« Reply #1 on: April 21, 2009, 10:44:12 pm »
Hi Josh,

When i started raw paleo I read nearly all the posts. I still struggled but it's the best way to learn.

Good luck
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Offline Guittarman03

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Re: Am I fat adapted?
« Reply #2 on: April 22, 2009, 11:57:26 am »
Josh, I think most people on this forum would agree that animal sources of fat and protein are far superior to plant based ones.  While extracted fats can be good for transitioning, you will likely find much better results with something like fatty beef, bison, lamb, bone marrow, and suet.  The truth is extracts are not really all that paleo (but still MUCH better than other oils you might get).

Some people find they need more in the way of carbs than others.  If you do feel the need to add some more carbs, stay away from very starchy carbs such as corn, potatoes, grains, beans, rice and the like, as they will only hurt you in the long run.  Add maybe tomatoes, pineapple, papaya if you're looking for something a bit starchy, berries, peppers, if your trying to keep the effective carbs (the ones that end up as glucose) to a minimum.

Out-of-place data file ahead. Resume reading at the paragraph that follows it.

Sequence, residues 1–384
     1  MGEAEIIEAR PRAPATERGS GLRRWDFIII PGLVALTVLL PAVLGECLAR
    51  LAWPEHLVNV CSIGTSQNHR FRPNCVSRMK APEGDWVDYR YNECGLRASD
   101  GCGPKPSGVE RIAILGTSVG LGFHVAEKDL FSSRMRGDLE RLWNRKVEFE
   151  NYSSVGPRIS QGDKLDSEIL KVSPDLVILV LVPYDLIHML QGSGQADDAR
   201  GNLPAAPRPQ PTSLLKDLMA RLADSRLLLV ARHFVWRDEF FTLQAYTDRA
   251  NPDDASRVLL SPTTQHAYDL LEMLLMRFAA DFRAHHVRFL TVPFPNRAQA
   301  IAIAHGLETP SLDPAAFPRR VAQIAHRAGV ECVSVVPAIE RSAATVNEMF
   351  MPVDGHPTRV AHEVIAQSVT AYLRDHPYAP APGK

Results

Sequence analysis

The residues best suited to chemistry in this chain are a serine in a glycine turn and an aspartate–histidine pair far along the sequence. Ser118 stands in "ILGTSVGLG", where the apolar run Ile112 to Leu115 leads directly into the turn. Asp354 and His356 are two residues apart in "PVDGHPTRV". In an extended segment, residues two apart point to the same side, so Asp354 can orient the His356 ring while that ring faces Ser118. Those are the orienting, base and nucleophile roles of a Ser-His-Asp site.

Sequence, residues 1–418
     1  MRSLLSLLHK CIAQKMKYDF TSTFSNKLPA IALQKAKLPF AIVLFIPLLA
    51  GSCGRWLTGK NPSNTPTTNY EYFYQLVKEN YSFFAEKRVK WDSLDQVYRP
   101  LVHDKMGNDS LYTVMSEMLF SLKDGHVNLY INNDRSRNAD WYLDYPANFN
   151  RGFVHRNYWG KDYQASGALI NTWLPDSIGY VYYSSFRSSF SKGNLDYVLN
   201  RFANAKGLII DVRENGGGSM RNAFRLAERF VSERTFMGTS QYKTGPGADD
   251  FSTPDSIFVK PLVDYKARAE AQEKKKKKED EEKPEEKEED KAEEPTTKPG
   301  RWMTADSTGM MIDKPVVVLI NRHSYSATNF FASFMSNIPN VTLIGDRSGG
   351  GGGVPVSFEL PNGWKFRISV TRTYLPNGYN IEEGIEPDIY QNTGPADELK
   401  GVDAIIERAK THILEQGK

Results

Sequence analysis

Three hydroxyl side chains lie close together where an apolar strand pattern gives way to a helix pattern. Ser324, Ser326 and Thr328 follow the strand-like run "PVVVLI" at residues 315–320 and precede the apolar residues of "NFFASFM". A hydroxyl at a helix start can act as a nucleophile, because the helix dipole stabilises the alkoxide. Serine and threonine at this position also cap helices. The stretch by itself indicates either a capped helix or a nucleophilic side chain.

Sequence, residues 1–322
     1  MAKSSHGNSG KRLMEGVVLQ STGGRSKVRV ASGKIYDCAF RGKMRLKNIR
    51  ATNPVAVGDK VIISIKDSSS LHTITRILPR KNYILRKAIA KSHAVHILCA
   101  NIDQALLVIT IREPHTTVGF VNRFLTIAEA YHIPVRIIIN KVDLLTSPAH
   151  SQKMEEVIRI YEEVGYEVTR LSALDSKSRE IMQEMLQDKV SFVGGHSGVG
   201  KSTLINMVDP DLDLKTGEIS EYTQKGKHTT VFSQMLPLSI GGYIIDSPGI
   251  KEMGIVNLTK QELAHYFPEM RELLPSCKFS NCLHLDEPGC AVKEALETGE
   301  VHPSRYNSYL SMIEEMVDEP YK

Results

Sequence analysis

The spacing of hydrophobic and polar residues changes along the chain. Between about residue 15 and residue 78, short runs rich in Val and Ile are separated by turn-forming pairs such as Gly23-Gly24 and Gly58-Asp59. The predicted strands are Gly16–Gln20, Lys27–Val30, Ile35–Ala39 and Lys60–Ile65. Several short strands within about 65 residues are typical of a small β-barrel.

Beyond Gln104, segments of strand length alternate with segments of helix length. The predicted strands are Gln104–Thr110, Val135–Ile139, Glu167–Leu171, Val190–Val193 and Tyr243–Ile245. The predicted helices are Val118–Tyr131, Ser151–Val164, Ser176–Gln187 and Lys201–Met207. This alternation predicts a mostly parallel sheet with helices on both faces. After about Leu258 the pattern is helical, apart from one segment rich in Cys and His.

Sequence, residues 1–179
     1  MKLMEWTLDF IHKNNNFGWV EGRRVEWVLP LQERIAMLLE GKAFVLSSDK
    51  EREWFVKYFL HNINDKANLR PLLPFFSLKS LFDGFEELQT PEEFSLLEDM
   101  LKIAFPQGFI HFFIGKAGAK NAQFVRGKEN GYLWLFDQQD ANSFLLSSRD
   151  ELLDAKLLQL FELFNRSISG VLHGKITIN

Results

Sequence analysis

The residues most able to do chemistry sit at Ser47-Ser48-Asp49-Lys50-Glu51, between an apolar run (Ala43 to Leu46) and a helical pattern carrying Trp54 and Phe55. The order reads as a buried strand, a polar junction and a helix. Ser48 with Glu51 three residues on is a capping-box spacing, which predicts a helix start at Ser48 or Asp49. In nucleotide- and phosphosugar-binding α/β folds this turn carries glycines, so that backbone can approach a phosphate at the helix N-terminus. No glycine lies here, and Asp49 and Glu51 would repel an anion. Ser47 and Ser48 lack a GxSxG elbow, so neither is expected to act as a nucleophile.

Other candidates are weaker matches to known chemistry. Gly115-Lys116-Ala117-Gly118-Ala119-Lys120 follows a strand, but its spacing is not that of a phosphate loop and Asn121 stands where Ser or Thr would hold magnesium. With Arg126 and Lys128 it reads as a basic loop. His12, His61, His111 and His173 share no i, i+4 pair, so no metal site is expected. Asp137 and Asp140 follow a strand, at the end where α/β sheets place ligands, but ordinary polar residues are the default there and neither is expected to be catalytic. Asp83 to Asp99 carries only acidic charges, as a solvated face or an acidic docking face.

And definitely don't give up until you've incorporated a good portion of raw red meat into your diet.  If you need to cook the outside a little, that's fine as long as you leave some good unheated portion in the center.  Try to get the main portion of your calories from animal sources, and supplement as needed with plants.

Experiment and give it some time.  Often when transitioning to RP, you can experience some detox and adjustment symptoms which I bet would subside fairly quickly if you switch to primarily fat and meat supplemented with plants, not the other way around.  Let us know how it works out for you. 
When you consume an organism it loses individuality, but its biological life never ends.  Digestion is merely a transfer of its life to mine.

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Re: Am I fat adapted?
« Reply #3 on: April 23, 2009, 12:33:07 am »